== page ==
Who Gets Believed?

Who Gets Believed?

When the Truth Isn’t Enough


The prizewinning author of The Ungrateful Refugee asks who is believed in our society, who is not - and why?

'An ambitious and moving exploration of the borders we draw around credible victimhood that will cement Nayeri's position as a master storyteller of the refugee experience' Guardian

Dina Nayeri's wide-ranging, groundbreaking new book combines deep reportage with her own life experience to examine what constitutes believability in our society. Intent on exploring ideas of persuasion and performance, Nayeri takes us behind the scenes in emergency rooms, corporate boardrooms, asylum interviews and into her own family, to ask - where lies the difference between being believed and being dismissed? What does this mean for our culture?

As personal as it is profound in its reflections on language, history, morality and compassion, Who Gets Believed? investigates the unspoken social codes that determine how we relate to one another.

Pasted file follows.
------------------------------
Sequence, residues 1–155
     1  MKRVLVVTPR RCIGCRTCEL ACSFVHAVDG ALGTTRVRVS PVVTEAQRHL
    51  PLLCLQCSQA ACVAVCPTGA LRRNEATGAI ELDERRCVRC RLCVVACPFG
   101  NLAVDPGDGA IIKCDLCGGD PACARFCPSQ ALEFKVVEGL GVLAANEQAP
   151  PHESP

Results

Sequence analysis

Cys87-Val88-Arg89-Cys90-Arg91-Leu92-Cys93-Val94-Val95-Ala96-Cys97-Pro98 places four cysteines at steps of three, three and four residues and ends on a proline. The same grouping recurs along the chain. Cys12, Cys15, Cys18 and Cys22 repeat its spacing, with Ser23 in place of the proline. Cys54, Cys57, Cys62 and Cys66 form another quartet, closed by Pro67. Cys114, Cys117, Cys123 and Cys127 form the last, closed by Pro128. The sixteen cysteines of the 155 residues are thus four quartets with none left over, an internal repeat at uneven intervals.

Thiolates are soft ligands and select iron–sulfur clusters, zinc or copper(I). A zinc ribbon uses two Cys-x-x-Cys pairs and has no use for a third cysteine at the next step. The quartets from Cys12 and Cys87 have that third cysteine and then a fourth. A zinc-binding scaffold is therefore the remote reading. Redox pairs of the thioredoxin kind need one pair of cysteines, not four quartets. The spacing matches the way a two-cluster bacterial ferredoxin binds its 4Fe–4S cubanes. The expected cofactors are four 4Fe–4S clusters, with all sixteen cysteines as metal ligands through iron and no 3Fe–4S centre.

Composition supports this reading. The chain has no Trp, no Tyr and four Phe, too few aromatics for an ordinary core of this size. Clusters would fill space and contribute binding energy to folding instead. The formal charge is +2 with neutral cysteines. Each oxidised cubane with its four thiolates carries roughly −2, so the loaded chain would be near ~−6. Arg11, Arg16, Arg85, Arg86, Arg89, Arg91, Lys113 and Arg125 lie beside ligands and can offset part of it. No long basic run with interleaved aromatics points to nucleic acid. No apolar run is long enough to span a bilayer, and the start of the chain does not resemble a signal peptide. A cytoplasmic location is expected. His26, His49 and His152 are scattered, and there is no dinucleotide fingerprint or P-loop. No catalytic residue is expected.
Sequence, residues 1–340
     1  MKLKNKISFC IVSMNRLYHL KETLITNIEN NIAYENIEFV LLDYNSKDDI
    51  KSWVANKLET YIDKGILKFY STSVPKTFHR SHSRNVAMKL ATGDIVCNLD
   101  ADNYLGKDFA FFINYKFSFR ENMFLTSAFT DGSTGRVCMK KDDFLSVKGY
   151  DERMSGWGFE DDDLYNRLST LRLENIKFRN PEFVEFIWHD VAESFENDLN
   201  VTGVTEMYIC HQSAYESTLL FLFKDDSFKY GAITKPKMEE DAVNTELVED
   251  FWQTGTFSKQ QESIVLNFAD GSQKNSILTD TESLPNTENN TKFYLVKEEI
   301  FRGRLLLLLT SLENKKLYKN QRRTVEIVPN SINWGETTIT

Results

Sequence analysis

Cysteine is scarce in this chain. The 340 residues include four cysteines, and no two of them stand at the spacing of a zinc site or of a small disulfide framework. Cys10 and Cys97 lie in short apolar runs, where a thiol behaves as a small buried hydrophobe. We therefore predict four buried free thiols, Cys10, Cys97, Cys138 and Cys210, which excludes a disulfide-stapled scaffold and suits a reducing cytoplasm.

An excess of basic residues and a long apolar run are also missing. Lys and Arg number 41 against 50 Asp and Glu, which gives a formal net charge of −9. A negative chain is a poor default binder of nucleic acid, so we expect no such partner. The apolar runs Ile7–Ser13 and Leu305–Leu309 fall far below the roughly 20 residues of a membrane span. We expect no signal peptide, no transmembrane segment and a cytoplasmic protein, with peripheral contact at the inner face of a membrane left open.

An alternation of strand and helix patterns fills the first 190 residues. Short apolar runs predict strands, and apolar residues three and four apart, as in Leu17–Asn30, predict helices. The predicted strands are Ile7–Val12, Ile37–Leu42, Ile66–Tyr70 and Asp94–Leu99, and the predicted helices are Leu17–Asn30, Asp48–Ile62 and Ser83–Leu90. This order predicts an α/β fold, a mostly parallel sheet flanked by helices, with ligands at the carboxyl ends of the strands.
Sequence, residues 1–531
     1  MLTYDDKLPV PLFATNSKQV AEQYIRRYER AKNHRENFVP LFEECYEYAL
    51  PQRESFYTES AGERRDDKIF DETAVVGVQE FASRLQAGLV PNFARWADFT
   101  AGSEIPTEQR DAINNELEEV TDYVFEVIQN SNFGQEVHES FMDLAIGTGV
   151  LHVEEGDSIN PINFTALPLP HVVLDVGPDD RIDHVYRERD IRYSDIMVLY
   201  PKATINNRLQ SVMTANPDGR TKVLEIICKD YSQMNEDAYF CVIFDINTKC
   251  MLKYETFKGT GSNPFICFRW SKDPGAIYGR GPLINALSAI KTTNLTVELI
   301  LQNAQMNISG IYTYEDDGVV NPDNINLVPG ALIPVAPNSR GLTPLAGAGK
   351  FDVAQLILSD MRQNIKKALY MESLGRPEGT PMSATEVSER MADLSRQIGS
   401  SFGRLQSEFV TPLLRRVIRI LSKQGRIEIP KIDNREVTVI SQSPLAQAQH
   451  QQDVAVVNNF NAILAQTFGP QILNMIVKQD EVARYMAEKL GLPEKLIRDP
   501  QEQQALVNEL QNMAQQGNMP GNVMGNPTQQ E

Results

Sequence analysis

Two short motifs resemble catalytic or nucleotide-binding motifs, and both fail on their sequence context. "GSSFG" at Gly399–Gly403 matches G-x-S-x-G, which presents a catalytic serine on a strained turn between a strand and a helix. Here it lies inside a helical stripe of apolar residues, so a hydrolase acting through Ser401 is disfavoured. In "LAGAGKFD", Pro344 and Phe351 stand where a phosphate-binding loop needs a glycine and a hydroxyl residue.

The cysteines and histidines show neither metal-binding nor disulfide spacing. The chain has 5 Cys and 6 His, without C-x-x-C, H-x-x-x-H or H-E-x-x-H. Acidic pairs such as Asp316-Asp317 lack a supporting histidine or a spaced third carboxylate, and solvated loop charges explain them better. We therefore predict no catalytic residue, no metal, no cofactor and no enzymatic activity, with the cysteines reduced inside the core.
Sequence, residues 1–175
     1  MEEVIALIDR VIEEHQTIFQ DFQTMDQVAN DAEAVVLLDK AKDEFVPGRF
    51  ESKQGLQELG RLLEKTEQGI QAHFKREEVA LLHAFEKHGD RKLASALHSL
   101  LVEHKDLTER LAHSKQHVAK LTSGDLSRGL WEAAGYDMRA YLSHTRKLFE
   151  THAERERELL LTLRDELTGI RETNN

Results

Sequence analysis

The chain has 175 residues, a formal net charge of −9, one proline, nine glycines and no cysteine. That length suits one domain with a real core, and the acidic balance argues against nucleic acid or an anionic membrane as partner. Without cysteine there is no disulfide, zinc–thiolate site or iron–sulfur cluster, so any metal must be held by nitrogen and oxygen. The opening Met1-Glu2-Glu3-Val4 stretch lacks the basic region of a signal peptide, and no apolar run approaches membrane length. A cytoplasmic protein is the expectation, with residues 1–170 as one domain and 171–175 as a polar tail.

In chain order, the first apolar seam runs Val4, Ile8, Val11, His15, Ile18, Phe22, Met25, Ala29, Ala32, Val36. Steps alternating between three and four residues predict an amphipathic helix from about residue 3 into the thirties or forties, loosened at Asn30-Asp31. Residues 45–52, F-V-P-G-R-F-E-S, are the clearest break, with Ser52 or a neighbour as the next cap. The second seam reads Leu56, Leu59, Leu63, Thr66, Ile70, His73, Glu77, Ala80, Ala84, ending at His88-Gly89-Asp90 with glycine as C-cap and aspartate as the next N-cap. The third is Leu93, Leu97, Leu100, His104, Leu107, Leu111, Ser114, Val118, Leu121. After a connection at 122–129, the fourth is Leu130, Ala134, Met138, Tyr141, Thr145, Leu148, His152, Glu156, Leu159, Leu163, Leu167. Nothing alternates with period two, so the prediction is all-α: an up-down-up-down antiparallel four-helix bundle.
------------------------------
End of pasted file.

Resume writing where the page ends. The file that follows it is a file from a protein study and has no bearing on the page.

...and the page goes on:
'An important, courageous, brilliant book'
Robert Macfarlane
, bestselling author of Underland

'Dina Nayeri asks an incredibly important question, and the answers she finds are crucial for all of us'
Oliver Bullough
, bestselling author of Butler to the World


  • An elegant telling of truth to power... published at a poignant moment

About the author

Dina Nayeri

Dina Nayeri is the author of two novels and a prize-winning book of creative non-fiction, The Ungrateful Refugee. A 2019-2020 Fellow at the Columbia Institute for Ideas and Imagination in Paris, and winner of the 2018 UNESCO City of Literature Paul Engle Prize, Dina has won a National Endowment for the Arts literature grant, the O. Henry Prize, and was selected for The Best American Short Stories, among other accolades. Her work has been published in more than twenty countries and in the New York Times, the Guardian, the New Yorker, Granta and many other publications. Dina has degrees from Princeton, Harvard and the Iowa Writers' Workshop. She was born in Iran and currently lives in Scotland, where she teaches at the University of St Andrews.
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